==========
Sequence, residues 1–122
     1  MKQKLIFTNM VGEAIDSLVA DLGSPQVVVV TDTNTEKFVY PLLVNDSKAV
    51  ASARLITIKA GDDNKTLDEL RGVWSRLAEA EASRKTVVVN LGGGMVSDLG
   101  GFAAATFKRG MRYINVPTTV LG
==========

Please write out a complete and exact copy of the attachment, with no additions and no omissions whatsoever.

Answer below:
Sequence, residues 1–122
     1  MKQKLIFTNM VGEAIDSLVA DLGSPQVVVV TDTNTEKFVY PLLVNDSKAV
    51  ASARLITIKA GDDNKTLDEL RGVWSRLAEA EASRKTVVVN LGGGMVSDLG
   101  GFAAATFKRG MRYINVPTTV LG